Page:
Ardbeg: “How An Oa is a whole new type of Ardbeg” (Interview)

Ardbeg An Oa Interview with Brandan McCarron (Islay Single Malt Peated Scotch Whisky Talk)

While Ardbeg’s new permanent expression An Oa has already been available for purchase in the UK for a few weeks, it officially launched in the rest of Europe today. We took the opportunity to reach out to the distillery’s Head of Maturing Whisky Stocks, Brendan McCarron, and asked him a handful of questions on how An Oa came to be and what makes it special. Enjoy the read… and hopefully also soon a glass of the brand-new Ardbeg named after the the beautiful peninsula in the southwest of the isle of Islay.


BarleyMania: An Oa is the first new addition to Ardbeg’s core range in almost a decade. What made you guys decide to expand the trio of Ten, Uigeadail and Corryvreckan into a quartet and how would you say does An Oa complement the existing three bottlings?

Brendan McCarron: Our new Ardbeg An Oa has been made to join the core, permanent expressions of Ardbeg. It’s been ten years since we launched Corryvreckan, and we have been working on a perfect addition to the family for some time… Over the last three years, I have put together hundreds of test “benchblends” while trying to create the next permanent Ardbeg expression. About 18 months to two years ago, I put some of these in front of Dr. Bill Lumsden. They grabbed his attention and from those we eventually arrived at Ardbeg An Oa.


BM: It says on the label that a big portion of An Oa’s particularly rounded feel comes from the “time spent in the gathering vat”, where whisky from “new charred oak, PX sherry and first fill bourbon” casks as well as other barrels gets married to “become fully familiar with each other”. Can you tell us a bit more about the “alchemy” behind the An Oa and let us know how you guys managed to find the ideal combination of casks for this kind of whisky?

BMC: The cask selection for Ardbeg An Oa means that there are a lot of flavours in the whisky and a lot of different aromas to discover. As a result, we decided to go back to the traditional method of “marrying” whisky, i.e. to leave the whisky to settle for a period of months before bottling. We decided to use French oak vats – the French oak is “exhausted” so there is no more wood maturation taking place. Instead, it is just a vessel where the whisky sits and breathes a little since the wood is porous. Basically, this allows all of the different flavours to integrate and develop into a more rounded expression.


BM: Personally, I find it hard to discuss Ardbeg without talking about peat. As I have not yet found a PPM statement for the An Oa, I wonder if you can shed more light on this and tell us how much of a peat monster the new Ardbeg is. On the one hand the tasting notes by Dr. Bill Lumsden suggest An Oa to be a bit less peaty than Ardbeg’s other core range expressions, but on the other hand the mentioned notes of “smoky tea leaves, cigar smoke and grilled artichokes” also suggest the spirit to have quite a peculiar smokiness…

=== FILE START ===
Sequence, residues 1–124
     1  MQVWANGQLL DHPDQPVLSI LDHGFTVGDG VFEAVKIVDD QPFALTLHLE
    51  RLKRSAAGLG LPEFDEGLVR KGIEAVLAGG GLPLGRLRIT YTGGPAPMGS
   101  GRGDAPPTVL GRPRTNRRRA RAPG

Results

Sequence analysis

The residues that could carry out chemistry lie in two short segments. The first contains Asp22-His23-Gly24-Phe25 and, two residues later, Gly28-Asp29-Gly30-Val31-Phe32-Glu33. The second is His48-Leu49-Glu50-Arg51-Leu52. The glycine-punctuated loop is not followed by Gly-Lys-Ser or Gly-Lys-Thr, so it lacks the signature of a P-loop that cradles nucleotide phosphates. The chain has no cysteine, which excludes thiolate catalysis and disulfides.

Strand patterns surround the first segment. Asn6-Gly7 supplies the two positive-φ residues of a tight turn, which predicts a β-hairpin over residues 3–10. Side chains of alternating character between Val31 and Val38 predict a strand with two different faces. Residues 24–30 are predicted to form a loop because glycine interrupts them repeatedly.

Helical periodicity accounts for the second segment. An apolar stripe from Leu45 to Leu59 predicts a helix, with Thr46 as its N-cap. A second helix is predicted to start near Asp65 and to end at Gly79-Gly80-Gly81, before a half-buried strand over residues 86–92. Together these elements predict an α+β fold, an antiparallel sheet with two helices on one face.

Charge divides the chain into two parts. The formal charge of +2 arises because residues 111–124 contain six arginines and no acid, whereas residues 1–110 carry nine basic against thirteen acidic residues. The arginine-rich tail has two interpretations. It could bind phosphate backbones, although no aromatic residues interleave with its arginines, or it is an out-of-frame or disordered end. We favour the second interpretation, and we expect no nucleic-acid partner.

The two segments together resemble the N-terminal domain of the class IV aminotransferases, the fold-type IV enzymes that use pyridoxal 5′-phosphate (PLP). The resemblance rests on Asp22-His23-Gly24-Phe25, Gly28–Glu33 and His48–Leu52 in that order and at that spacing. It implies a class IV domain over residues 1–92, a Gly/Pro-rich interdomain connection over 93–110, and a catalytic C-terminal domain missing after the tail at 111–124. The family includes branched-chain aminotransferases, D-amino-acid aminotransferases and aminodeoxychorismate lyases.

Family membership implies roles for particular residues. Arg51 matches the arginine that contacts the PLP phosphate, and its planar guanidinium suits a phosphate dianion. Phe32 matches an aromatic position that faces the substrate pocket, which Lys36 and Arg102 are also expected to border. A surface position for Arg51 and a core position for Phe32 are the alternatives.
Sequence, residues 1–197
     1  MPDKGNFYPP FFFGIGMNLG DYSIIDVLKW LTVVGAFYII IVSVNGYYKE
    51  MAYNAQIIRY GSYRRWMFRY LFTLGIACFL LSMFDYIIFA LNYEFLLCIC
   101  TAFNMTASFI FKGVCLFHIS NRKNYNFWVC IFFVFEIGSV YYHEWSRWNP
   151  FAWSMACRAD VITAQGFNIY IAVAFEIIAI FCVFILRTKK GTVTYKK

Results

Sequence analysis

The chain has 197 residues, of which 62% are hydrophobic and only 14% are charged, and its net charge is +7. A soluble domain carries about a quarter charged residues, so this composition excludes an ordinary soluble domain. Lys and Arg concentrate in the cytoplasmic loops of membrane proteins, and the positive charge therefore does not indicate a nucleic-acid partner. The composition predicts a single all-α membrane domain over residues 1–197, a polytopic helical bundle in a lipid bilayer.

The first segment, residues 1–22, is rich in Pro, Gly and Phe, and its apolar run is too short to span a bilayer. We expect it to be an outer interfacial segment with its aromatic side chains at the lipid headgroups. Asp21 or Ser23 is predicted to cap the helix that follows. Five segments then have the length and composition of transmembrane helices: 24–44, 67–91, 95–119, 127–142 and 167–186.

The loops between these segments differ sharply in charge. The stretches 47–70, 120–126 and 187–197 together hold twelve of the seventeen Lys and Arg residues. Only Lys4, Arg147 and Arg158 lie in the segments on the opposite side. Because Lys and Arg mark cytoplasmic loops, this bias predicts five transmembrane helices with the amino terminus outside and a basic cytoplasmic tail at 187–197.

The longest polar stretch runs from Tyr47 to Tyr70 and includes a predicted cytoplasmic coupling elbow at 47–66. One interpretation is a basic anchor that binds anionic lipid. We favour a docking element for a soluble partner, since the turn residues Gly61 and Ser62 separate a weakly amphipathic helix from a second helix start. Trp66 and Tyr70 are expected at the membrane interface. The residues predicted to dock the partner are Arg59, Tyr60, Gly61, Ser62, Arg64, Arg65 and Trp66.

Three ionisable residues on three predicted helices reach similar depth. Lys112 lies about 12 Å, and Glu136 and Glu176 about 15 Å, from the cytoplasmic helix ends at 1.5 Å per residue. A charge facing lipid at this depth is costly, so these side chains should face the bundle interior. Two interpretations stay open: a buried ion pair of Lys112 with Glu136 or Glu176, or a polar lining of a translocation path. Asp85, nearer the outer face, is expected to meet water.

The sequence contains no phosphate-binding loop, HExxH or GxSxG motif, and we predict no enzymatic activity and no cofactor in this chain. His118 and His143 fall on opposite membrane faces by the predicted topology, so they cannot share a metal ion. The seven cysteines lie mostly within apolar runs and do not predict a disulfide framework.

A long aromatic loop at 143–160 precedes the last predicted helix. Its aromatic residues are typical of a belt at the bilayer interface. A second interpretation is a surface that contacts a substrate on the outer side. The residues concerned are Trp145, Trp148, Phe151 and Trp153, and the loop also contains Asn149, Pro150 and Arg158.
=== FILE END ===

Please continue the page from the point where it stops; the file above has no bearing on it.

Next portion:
BMC: PPM phenols is a measurement used for the amount of smokiness on the malt that is delivered to a distillery. For Ardbeg we look for malt that has a PPM level of 50 and above. So we use the same Ardbeg new make spirit made from 50-PPM-and-up malt for each of the four permanent expressions. For Ardbeg An Oa, we are making an expression which is both smokier and sweeter than Ardbeg Ten. The sweetness is from the intensely sweet Pedro Ximenex sherry casks that we use. If we were only to use PX casks then this could hide the smokiness underneath the rich sweet flavours. That is why we also use new char oak and ex-bourbon casks – among some other secrets! These intensify and highlight the smokiness that Ardbeg is renowned for.


BM: Do you have any famous last words for the many Ardbeggians out there, who are eagerly looking forward to cracking their first bottle of An Oa open very soon? And maybe also a few motivating words for those who have not yet been bitten by the An Oa bug?

BMC: All I can say is that I hope Ardbeg fans love the new release. An Oa is a great whisky to introduce people to Ardbeg’s smoky flavour. I also think it is a great new type of Ardbeg for all of our fans and Committee members around the world as it gives a whole new type of Ardbeg for everyone to experience.

by Tobi



Ardbeg @ Web: http://www.ardbeg.com/
Brendan McCarron @ Instagram: https://www.instagram.com/mcc_brendan/

6 comments

    1. I only had it once so far at a special An Oa barbecue hosted by our local Ardbeg Embassy. I remember liking it a lot. But as the ticket price also included as many drams as we wanted, I don’t think my recollection of that evening is fully to be trusted. :D

      Like

    1. Cheers for the nice words, Tim & Greetings from Hamburg. The interviews are also among my favorite types of content. Aaron and I will surely try our best to get our questions answered by many more people from all areas of the whisk(e)y industry.

      Liked by 1 person

    1. Cheers! I can definitely imagine worse states to be in than desperately wanting to try an Ardbeg… unless, of course, there is no Ardbeg anywhere near you to satisfy that craving! So fingers crossed you can get hold of a bottle or at least a dram of An Oa soon. :)

      Liked by 1 person

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